Most car owners face a dead battery sooner or later (either from leaving the lights on or the battery being old). If you ever find yourself in a similar situation, this article can help you.
Method 1 of 3: Check the battery
Step 1. Make sure the problem is the battery
- Check the headlights. Do they look dim or bright? Note that in some cars you must start the engine to test the headlights. If they look dim, the battery is likely the cause. If the headlights are bright, then the battery is not dead and the jump start will not help.
- Make sure the doors are unlocked (by pressing the key button or trying to open the door from the outside), the interior lights are working, and the clock or GPS (if equipped) is working or turning on.
- Put the key in the ignition and see if the instrument panel lights up as usual. Try the stereo. In most cases, even with a low battery, you should see some lights come on on the instrument panel and hear music coming out of the stereo. If the instrument panel is not flashing, you probably have a problem with the starter switch.
- Try to start the car. Check to see if it starts too slowly or too fast. If you do it quickly, then the battery is not discharged and a jump start will not do. If it runs slowly, or doesn't turn on at all, the battery is probably dead.
Method 2 of 3: Bridge the Battery
Step 1. Open the hood of each car and locate the battery
In most cars, it is located near the front on the right or left side, but in some, it is located near the firewall between the engine and the passenger compartment. In others, the battery is located in the trunk. If you're not sure, you can check your car manual for the exact location of the battery. Next, identify the positive and negative terminals.
- The positive terminal will be marked with a plus sign (+) and usually has a red wire attached.
- The negative terminal will be marked with a minus sign (-) and usually has a black wire attached.
Step 2. Park the running car close to (but not touching) the unloaded car
You must park the car in such a way that the distance between both batteries is as short as possible. Turn off the engine, radio, lights, air conditioner, fans, and all other electrical components. Make sure all of these items are turned off in the unloaded car as well. Don't let the cars touch at all.
Otherwise, this procedure can cause a dangerous electric arc between both vehicles
Step 3. Put on your safety equipment (goggles and gloves) if you have it
Examine the batteries for cracks, leaks, or other damage. If you detect any of these things, don't start the car. Instead, call a tow truck or replace the battery.
- It may be necessary to remove the dead car battery cables from the terminals and clean both the cables and terminals. Use a stiff wire brush to remove all corrosion. Reconnect the cables to the battery terminals and start the car with the clamps.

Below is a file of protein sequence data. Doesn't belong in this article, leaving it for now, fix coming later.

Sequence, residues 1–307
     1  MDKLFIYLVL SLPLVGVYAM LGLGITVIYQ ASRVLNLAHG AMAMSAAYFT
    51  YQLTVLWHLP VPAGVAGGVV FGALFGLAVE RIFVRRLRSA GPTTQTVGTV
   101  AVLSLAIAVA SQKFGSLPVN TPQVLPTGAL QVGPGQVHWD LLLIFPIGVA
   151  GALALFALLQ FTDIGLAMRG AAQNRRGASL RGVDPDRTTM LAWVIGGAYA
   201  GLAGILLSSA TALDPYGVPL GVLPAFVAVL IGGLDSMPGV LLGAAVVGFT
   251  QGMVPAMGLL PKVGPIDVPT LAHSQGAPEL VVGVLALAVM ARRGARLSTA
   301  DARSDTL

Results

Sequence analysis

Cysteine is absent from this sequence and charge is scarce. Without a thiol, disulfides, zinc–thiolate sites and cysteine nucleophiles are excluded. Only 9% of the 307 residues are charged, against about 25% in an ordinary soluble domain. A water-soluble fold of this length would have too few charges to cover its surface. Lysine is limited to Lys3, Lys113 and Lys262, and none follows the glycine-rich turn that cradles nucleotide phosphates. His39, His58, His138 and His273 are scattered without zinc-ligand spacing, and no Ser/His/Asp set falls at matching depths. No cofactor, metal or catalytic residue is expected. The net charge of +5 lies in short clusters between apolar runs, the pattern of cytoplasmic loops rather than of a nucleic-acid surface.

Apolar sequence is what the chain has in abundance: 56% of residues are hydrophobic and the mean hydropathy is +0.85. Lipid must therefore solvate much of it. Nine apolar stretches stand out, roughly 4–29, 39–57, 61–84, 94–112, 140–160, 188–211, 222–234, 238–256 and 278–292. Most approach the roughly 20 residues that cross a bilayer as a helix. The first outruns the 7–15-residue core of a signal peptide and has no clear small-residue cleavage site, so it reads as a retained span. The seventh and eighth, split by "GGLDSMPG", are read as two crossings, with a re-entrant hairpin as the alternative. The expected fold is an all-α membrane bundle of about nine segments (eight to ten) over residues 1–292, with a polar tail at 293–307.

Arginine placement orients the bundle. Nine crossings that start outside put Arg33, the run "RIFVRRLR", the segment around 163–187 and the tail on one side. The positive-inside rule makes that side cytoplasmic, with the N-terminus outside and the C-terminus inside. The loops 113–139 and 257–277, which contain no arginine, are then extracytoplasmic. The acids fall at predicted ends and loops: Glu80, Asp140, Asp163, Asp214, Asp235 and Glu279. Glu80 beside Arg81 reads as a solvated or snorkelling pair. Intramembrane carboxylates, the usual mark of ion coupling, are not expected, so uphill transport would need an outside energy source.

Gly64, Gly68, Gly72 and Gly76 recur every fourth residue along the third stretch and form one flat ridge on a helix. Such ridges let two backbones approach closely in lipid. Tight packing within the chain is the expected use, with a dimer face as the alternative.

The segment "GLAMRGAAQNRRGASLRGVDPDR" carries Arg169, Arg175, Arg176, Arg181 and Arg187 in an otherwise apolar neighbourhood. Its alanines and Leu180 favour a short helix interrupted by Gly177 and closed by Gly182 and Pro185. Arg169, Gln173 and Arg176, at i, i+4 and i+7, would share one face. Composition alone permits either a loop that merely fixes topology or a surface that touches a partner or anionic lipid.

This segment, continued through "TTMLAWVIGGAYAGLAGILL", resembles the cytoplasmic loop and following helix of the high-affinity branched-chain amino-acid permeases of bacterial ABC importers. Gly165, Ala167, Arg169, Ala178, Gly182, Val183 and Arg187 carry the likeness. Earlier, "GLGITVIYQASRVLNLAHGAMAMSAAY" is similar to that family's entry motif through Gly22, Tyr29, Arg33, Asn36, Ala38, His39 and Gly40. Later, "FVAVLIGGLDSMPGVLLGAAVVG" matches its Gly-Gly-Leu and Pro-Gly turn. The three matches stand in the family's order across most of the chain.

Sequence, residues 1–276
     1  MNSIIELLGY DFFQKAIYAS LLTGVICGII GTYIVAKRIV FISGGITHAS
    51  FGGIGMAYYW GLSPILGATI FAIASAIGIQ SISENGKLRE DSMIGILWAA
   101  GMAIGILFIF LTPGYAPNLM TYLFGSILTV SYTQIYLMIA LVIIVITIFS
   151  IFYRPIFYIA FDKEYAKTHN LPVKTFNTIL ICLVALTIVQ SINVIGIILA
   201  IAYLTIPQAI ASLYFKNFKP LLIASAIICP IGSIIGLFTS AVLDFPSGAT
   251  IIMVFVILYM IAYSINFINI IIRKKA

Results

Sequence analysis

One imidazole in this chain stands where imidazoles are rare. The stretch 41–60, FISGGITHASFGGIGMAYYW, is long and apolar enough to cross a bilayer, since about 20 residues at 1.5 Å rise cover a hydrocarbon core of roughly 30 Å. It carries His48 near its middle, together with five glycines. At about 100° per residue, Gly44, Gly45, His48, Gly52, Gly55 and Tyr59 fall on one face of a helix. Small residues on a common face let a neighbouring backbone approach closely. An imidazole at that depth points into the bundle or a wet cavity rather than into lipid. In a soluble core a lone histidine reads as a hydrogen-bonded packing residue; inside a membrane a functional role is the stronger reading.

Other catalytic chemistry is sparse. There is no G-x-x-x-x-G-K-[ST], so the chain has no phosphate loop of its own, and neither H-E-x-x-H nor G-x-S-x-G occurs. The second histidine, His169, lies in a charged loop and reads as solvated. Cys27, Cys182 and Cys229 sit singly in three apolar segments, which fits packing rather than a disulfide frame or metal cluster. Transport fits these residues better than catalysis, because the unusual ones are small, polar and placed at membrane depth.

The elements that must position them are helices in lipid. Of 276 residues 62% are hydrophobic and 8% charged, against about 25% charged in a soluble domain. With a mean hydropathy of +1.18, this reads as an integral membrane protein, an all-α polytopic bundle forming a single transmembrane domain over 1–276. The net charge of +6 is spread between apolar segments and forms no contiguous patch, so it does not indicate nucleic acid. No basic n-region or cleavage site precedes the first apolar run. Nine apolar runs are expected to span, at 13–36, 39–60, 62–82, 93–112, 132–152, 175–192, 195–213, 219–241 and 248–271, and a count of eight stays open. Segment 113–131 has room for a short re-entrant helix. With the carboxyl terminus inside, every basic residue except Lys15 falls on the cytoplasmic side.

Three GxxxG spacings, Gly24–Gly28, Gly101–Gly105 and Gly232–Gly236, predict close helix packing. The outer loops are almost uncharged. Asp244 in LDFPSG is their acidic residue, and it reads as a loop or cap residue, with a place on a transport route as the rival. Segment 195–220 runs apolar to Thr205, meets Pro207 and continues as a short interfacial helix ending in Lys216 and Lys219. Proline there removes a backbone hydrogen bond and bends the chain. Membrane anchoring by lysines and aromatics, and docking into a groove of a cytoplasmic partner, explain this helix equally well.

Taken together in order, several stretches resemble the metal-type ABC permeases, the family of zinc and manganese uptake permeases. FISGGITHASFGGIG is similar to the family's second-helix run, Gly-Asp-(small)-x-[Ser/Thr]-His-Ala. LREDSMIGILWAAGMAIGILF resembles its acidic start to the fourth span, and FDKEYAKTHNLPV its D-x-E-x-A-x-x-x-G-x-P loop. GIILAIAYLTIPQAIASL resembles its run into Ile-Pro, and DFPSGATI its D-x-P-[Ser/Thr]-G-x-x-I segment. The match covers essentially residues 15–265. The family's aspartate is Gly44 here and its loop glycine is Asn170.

- Remove any red protective covers from the positive (+) pins if applicable.
Step 4. Unravel and unwind the auxiliary cables
Like the battery, the auxiliary cables will likely be red and black and will have sturdy clips to connect them to the battery terminals. You want to make sure that the red and black ends of the auxiliary cables never touch each other once they are connected to the batteries. Failure to do so could result in serious arches or damage to one or both vehicles.
Step 5. Connect the auxiliary cables in the order described below:
- Connect a red clamp to the positive (+) terminal of the discharged battery.
- Connect the other red clamp to the positive (+) terminal of the good battery.
- Connect a black clamp to the negative (-) terminal of the good battery.
- Attach the other black clamp to a grounded metal part on the dead car, preferably to the bolt where the thick negative battery cable connects to the chassis. If this is not practical, look for a shiny metal part (free of paint and oil) that is connected to the engine. Usually it can be a protruding nut, bolt, or other shiny metal. You will likely detect a small spark when grounding. As a last resort, you can connect it to the negative (-) pin on the discharged battery, but you run the risk of igniting the hydrogen gas that is released.
- Make sure none of the cables hang in the engine compartment, where they could be exposed to moving parts.
Step 6. Start the running car
Leave it idle for a few minutes. Avoid over-revving the engine, but do it slightly above idle for 30 to 60 seconds. You should do this to charge the battery in the discharged car, as the starter motor in the discharged car will draw most of the required current (much more than 100 amps) from said battery and not through the cables. Common retail booster cables are not designed to carry the required current. It is essential to charge the discharged battery. If 30 seconds is not enough, try charging for a full 60 seconds by keeping the engine idling high. A good and clean connection between the cables and the battery terminals is essential.
Step 7. Try to start the unloaded vehicle
If it doesn't, turn off the engine and disconnect the last connection temporarily while twisting or slightly wiggling each of the four clamps to help ensure a good electrical connection. Restart the running car. Wait another five minutes for it to charge before trying to start the unloaded vehicle. If this doesn't work after a few tries, you may need to tow the car or replace the battery.